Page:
As we said in the introduction, the function of a preamp is to take a low-level signal and increase it to line level. The function of a transformer is to bridge the input section of the preamp to the output section while increasing signal voltage. The transformer does this by virtue of magnetic coupling. Because there is no hard wiring between input and output thanks to the transformer’s magnetic coupling, they offer better circuit protection and the benefit of true electronic isolation, which results in minimal noise or hum when connected with other equipment. So you see, they’re not all bad. In fact, certain classic solid state transformer designs are still highly sought after for the coloration they impart and command quite a price on the vintage market. The important issue in a transformer-coupled design is the quality of the transformer, which is why manufacturers such as and PreSonus (for the have them custom made.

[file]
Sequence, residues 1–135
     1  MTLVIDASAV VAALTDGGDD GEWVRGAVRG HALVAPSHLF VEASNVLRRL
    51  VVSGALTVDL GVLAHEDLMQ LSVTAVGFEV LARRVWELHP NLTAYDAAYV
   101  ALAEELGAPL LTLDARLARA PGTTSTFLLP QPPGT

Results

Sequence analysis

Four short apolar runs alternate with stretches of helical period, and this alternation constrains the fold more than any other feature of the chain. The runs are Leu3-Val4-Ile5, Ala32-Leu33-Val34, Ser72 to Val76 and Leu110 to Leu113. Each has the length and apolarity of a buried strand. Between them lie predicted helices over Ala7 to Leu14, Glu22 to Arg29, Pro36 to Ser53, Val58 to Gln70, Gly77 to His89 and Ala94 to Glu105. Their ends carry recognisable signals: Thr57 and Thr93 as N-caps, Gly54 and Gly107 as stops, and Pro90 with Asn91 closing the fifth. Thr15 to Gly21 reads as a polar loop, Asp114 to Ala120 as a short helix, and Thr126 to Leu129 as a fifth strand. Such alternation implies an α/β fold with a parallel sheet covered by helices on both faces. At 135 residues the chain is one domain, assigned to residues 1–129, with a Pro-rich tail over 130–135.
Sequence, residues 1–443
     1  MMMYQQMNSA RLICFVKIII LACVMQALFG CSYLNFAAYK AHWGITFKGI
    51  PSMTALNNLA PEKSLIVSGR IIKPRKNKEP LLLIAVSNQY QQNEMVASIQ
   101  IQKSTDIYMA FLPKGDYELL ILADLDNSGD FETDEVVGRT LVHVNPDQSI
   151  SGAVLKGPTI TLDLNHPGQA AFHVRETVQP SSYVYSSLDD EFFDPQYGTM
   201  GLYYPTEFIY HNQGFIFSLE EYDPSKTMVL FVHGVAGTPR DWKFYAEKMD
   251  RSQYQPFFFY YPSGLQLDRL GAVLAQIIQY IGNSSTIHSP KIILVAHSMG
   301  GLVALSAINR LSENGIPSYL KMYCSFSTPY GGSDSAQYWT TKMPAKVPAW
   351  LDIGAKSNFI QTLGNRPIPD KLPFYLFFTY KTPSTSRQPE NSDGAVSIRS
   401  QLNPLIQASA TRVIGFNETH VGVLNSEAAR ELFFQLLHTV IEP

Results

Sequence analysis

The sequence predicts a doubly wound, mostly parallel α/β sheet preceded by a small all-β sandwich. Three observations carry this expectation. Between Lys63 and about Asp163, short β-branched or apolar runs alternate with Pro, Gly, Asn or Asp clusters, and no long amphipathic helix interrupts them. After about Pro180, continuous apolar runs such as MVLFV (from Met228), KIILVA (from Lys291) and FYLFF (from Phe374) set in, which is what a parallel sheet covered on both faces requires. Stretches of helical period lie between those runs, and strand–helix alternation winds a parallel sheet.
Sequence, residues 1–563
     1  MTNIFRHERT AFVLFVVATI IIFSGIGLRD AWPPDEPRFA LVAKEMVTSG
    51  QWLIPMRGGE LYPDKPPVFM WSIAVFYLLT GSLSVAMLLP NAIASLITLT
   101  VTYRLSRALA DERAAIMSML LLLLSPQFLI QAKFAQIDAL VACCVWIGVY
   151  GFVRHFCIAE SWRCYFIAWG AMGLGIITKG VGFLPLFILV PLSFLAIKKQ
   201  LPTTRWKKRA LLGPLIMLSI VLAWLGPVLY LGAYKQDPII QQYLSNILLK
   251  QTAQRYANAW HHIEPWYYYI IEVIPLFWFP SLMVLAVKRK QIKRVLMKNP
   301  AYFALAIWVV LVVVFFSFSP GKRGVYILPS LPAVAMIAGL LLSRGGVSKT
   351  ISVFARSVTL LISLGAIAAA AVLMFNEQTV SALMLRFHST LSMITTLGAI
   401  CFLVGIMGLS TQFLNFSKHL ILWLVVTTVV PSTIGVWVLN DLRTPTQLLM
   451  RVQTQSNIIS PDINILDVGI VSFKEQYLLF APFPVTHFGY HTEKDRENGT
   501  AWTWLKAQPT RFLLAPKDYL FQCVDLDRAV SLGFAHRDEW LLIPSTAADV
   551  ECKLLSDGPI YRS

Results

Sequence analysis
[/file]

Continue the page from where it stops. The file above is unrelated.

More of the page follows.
As you can see, there are no absolutes. Electronics is a study in tradeoffs. There’s no reason to reject one design or another out of hand based on design theory. We suggest you listen to examples of both designs and see what your ears tell you. If you like the sound of a particular preamp, whether or not it uses transformers becomes irrelevant. It’s much like choosing a guitar. If you want a Les Paul, you simply accept that is has a set-in neck even if you prefer a bolt-on neck. Conversely, if you think that a set neck is superior, but want the sound of a Fender Stratocaster, then you accept the bolt-on neck.
Hopefully by now, you have an idea regarding which type of preamp you may wish to select, but for those on the fast track, lets just get right into to the meat of the issue and discuss the advantages and applications of tube and solid state devices. This should help narrow it down for you.
|Tube-Tech MP 1A|
When character, body, or a thicker sonority is required, particularly when vocals or instruments are thin sounding, a tube pre does the trick. If for artistic reasons, you want a thicker sonority for instruments in general (wall-of-sound rock guitar, bass, string samples, synth pads, violin, etc.) the tube preamp is a good choice here as well. Examples include the,